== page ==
The mold in this garage was the worst I had seen.
In the photo below you can see where the waterline stood from flooding, and then the crazy amount of mold growth—which at first glance was actually kind of pretty.  Can I say that?

The design and science of it all is just, amazing…and disgusting, and harmful (which is why we were diligent about wearing our masks).

To give you another perspective of the water line, look at this side-by-side.
These are not the same house, but they could be—they’re from the same neighborhood.  You’ve got floodwater on the left; and a group of us having lunch on those same front lawns on the right…sitting on trash for chairs.

So. The goal for these volunteer groups, was to remove drywall before black mold climbed any higher in the home, or got into the studs and framework underneath.  Once the drywall was gone, FEMA could come in to assess the home and go from there.  To accomplish this, everything in the bottom floor had to be removed—furniture, carpet, flooring, pictures, cabinets, woodwork, all of it.

Our team had about 20 people.  I was amazed at how the room went from this:

to this, in about 30 minutes.

Adults removed furniture, drywall, and heavy items; while teenagers came through with sleds and wagons and hauled debris out to the front lawn.  It was recommended that children under 12 not come—which was good. It was hard labor.  Casey and I left our kids with my brother and sister-in-law who were able to come out the weekend before to help.

It was remarkable how much work was accomplished with large groups of volunteers. I really don’t know how a homeowner could have done this alone (other than hiring the work out). It would be mentally and physically overwhelming.

On Saturday I spent most of the time using a hammer, pulling out nails and carpet tacking boards. While on Sunday, my best tool was my pair of rain boots!…because the home we gutted had never been entered since the flood waters came and went.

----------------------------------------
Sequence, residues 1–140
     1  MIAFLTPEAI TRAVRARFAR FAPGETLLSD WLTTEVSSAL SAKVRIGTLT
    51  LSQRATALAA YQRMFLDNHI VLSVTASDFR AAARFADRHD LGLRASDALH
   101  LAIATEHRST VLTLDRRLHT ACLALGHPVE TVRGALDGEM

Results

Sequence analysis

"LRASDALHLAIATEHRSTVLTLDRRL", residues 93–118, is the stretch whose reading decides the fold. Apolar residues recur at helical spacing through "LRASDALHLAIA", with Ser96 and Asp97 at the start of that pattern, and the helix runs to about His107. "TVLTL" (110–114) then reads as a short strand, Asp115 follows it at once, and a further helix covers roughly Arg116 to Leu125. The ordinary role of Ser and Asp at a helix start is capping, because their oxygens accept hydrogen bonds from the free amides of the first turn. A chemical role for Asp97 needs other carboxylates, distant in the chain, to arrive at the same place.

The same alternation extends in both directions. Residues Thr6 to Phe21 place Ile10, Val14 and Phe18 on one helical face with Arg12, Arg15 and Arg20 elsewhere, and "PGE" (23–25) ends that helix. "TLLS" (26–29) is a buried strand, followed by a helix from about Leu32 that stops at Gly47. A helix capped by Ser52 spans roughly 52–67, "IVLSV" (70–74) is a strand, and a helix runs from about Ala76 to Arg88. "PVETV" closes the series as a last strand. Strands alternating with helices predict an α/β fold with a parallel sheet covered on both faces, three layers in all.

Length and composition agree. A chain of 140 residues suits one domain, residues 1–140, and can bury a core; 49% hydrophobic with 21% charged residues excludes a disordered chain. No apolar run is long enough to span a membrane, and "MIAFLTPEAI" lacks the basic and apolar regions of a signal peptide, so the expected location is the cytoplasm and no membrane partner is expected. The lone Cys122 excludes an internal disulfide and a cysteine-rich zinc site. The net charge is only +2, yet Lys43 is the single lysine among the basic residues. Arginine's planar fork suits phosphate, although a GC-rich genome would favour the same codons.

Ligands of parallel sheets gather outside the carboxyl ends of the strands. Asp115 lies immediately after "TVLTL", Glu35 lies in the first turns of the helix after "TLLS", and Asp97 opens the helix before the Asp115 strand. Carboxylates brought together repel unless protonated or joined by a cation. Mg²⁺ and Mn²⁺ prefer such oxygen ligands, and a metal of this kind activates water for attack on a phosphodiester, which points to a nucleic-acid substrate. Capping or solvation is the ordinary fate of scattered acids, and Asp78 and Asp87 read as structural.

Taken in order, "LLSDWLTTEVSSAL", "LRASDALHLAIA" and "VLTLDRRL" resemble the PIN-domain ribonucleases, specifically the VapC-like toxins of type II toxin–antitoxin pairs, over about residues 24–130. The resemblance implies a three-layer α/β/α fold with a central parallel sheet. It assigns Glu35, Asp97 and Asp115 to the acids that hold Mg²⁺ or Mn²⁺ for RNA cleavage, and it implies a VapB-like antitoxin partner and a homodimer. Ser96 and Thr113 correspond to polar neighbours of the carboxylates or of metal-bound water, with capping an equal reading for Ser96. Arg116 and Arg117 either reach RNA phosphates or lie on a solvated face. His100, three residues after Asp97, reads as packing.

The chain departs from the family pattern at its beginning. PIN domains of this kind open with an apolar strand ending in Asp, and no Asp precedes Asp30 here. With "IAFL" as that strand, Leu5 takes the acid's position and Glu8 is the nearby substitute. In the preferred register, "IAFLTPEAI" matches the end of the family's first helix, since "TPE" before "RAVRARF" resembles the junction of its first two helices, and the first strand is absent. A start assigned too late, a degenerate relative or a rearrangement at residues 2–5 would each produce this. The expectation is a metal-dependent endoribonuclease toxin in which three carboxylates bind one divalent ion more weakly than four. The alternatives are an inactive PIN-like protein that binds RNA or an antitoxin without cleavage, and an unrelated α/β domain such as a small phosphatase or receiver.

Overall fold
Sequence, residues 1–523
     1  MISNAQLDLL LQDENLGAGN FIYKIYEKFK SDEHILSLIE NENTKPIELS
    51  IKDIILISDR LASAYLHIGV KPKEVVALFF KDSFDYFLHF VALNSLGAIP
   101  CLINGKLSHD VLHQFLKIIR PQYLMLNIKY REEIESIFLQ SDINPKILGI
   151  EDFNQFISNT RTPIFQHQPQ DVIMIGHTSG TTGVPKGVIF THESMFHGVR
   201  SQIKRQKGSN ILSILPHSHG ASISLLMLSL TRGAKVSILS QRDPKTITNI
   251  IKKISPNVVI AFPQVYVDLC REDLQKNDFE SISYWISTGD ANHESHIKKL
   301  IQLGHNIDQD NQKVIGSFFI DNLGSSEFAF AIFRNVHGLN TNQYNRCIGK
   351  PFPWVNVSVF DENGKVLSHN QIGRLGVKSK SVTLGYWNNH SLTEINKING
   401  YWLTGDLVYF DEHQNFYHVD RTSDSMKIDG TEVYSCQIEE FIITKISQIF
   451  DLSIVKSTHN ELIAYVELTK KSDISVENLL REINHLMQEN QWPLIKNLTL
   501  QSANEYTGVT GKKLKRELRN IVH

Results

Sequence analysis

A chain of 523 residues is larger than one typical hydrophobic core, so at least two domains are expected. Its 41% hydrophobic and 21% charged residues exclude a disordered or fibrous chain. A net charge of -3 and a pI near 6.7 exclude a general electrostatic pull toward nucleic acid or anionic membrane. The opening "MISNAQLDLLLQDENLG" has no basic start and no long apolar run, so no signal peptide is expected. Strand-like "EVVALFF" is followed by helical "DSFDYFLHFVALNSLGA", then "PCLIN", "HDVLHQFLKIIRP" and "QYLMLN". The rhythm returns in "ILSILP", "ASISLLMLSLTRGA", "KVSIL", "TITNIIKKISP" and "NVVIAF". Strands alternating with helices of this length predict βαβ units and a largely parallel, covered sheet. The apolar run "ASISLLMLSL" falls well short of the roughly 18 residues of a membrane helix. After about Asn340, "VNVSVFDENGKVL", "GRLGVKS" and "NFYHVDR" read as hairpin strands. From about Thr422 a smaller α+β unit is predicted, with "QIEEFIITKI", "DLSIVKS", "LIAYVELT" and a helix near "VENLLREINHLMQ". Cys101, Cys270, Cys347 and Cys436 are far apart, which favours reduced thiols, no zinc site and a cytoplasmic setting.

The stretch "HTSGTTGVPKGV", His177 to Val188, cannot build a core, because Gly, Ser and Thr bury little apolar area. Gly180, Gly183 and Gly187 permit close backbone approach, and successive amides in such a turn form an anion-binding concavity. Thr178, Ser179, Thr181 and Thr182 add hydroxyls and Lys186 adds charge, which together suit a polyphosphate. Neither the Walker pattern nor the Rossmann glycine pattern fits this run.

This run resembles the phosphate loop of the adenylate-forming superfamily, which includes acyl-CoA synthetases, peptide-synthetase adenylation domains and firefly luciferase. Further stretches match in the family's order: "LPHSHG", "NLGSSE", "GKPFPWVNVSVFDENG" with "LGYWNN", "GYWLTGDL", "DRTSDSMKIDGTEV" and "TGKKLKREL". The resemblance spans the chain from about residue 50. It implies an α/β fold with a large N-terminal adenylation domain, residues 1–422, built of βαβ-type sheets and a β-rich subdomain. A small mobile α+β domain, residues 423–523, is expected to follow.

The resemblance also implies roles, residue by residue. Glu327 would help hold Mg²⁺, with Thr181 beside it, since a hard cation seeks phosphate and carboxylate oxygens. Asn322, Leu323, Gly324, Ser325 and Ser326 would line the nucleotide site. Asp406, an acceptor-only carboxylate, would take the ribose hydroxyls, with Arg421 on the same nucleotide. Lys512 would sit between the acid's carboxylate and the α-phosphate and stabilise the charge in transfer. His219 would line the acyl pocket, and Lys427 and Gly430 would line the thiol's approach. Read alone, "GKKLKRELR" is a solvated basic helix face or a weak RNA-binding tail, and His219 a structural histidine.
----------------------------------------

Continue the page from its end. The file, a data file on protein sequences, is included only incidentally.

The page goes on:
So water was stuck in the funniest places….pouring out of drawers and cups, stuck in the silverware drawer container, in an old coffee maker in the back of the cupboard, soaked into towels in the powder room closet, and from places I hadn’t even thought of—like the groove of a tape dispenser! (I’ll never look at my tape dispenser the same way). In the laundry room closet I found a carefully stacked set of drinking glasses, that were perfectly full to the brim with dirty water, in a way that I could never replicate.  It was comical, and sad.   I spent most of the day emptying cabinets in the kitchen, pantry, laundry room, and bathroom, so the group could come in and rip all the cabinets out. It was like helping someone move, without having to box it all up.

And of course there were times when I spotted a Pyrex diamond in the pile of “stuff” and wondered what stories this dish could tell. Or those amazing green floral chair seats?? Ahh! I need those!

And this awesome wallpaper, with another hidden wallpaper underneath.

Or the gorgeous shutters that were tossed out like Wednesday’s trash.

At the “water house”, we also found binders of photographs and wedding albums that were likely beyond repair.  But one of the volunteers laid them out to dry, so the homeowner could look them over.

And in some of the homes there were signs of interrupted life….parties that had been happening when floodwaters came, homes that were for sale, high school band signs in the front yard.

(a pool full of live fish)

But throughout the weekend I realized two things.
(and if you’re still with me, sorry. I know this is long. I hope some of you find this interesting, to see the aftermath process. I’ve always been curious about that myself).
What I realized is…

WE’RE ALL DIFFERENT.

I think we all wonder how we would react in a disaster, or in a survival situation.  Of course we won’t know until it happens. So it was very interesting to see how different each home owner, and each home was, as we showed up on their front porch.